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The Ontario Energy Board has denied AMPCO’s Application to Revoke the “Transitional Capacity Auction” Market Rule Amendments

On January 23, 2020, the Ontario Energy Board (the “OEB”) denied an application by the Association of Major Power Consumers in Ontario (“AMPCO”) for an order under section 33 of the Electricity Act, 1998 (the “Act”) to revoke the market rule amendments identified as MR-00439-R00 to –R05: “Transitional Capacity Auction” (the “Amendments”) and refer such amendments back to the Independent Electricity System Operator (“IESO”) for further consideration and lifted a stay of the operation of the Amendment as ordered by the Decision and Order of the OEB dated November 25, 2019.

The Amendments at issue relate to the IESO’s new capacity market. The Amendments allowed for the IESO’s Demand Response Auction (“DRA”) which was launched in 2015 and only procured capacity from DR Resources to evolve into a Transitional Capacity Auction (“TCA”) which would also allow participation by generators that are neither under contract nor rate-regulated to compete for capacity commitments. The main issue raised by AMPCO in its application for the OEB to revoke the Amendments was that the Amendments were unjustly discriminatory to DR Resources. AMPCO claimed that their capacity offers in the TCA would not be able to compete with those of generation resources due to the out-of-market energy payments available to generation resources but not DR Resources.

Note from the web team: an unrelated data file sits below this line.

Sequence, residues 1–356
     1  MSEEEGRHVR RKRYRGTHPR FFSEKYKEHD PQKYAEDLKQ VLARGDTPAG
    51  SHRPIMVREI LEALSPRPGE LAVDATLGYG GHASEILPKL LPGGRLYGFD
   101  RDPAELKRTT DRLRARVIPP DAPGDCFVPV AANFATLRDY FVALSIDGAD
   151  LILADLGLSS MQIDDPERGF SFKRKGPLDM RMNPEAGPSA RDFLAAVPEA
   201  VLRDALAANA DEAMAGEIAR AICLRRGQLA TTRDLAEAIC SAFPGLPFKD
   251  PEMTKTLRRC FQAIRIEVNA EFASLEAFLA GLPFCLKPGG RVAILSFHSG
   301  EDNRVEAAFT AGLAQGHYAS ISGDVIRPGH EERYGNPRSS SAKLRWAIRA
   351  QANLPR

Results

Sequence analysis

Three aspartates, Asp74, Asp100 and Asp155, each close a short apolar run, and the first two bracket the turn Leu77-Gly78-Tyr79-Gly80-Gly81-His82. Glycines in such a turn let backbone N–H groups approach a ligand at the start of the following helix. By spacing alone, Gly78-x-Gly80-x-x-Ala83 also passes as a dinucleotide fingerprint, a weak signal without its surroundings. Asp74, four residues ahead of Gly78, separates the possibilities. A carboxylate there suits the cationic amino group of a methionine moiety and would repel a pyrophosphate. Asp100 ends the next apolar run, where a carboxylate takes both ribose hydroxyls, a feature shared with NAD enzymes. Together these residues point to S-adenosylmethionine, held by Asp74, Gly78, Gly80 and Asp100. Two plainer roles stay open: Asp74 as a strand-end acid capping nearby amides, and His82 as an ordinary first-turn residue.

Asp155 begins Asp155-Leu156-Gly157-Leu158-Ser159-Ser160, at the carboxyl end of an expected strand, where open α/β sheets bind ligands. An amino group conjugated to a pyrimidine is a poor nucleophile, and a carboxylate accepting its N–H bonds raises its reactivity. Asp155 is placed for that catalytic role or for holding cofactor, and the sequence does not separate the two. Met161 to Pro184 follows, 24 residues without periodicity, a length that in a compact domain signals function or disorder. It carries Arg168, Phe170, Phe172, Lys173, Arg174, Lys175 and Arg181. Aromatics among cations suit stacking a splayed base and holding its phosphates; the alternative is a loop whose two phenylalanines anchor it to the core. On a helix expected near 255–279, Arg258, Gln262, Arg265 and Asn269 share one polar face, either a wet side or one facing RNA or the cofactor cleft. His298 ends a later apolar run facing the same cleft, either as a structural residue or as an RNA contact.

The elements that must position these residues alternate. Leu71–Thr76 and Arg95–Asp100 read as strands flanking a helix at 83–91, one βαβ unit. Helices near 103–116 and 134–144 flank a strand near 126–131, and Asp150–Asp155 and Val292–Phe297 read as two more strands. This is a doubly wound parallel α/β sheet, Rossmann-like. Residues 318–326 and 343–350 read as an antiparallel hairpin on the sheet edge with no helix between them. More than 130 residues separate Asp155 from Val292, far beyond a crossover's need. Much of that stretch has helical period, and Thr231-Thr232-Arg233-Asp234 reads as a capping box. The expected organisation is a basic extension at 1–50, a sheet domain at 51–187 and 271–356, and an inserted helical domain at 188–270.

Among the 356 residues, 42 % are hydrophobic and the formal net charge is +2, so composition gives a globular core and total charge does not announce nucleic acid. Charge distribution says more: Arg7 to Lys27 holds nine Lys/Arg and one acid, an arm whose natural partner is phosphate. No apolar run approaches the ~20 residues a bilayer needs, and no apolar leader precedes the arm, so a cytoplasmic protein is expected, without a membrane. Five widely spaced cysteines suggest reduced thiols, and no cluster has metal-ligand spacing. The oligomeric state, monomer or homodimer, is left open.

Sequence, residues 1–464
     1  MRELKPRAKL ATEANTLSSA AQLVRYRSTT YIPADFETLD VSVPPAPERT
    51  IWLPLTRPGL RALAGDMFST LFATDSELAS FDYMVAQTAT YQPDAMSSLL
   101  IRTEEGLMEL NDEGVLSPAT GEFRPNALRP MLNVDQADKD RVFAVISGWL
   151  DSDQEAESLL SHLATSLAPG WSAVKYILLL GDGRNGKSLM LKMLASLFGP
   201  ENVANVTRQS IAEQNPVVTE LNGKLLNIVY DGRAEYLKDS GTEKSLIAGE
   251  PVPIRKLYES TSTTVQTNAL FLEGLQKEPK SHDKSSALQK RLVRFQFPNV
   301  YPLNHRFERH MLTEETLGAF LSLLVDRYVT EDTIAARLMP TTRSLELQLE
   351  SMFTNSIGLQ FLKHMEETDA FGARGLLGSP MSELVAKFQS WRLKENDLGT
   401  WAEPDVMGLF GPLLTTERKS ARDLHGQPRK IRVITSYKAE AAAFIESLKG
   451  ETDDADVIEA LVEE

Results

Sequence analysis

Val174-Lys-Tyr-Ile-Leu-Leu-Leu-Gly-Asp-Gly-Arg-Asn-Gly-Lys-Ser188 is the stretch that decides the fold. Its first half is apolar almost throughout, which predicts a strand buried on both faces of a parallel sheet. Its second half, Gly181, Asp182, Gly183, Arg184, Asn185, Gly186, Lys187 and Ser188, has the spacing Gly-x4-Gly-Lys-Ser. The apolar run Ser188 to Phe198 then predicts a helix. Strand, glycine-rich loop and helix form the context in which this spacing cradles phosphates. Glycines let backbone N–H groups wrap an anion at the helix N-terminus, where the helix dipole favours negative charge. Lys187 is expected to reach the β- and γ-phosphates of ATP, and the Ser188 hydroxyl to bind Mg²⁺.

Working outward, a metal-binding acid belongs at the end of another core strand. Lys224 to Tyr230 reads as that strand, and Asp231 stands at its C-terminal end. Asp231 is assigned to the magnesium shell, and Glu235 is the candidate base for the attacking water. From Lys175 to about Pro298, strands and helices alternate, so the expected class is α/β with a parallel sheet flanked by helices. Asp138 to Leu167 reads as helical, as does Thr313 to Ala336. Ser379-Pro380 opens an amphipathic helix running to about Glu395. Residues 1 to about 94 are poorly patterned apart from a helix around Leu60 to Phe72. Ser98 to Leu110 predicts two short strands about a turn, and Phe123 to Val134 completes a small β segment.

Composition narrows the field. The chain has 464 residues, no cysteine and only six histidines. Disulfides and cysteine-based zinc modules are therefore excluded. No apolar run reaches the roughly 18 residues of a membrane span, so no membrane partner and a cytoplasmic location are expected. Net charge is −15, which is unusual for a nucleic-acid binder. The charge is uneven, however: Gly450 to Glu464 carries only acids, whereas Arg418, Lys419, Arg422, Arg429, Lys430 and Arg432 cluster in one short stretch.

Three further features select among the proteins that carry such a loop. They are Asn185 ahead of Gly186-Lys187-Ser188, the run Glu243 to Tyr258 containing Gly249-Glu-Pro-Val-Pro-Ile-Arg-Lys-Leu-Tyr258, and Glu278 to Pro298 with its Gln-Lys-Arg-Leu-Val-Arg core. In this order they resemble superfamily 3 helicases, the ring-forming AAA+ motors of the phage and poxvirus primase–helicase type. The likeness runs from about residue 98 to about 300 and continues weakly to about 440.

The Statutory Test

This is only the OEB’s second hearing of a market rule review application since market opening in 2002. The OEB’s elucidation of the statutory test is therefore particularly valuable.

The statutory test that applies when reviewing market rule amendments is set out in Section 33(9) of the Act. The statutory test must determine whether the amendments (i) are inconsistent with the purposes of the Act; or (ii) unjustly discriminate against or in favour of a market participant or class of market participants. The central issue in this case was whether the Amendments, by enabling generation resources to compete in an expanded capacity auction, had the effect of being unjustly discriminatory to DR Resources. In order to determine whether the Amendments are unjustly discriminatory, the OEB found that three elements are required:

  1. There must be economic discrimination. The OEB recognized that in the context of electricity markets, discrimination could arise from differences in treatment, including differences in treatment for different classes of market participants.
  2. The applicant must show that the difference in treatment is not justified by a difference in circumstances. The OEB noted that “[i]t is only different treatment in the absence of material and relevant differences in the situation or characteristics among the affected market participants that raises the prospect of unjust discrimination.”
  3. The claim of discrimination and the economic impact of the difference in treatment must have some quantitative aspect to it and cannot be solely qualitative.

The OEB’s Findings

On the question of economic discrimination, the OEB found that generators and DR Resources were treated differently in the forms of differences in eligibility for payments. For example, some generators are eligible for out-of-market activation payments and start-up costs under the real-time generation cost guarantee (GCG) program. These payments are not made available to DR Resources.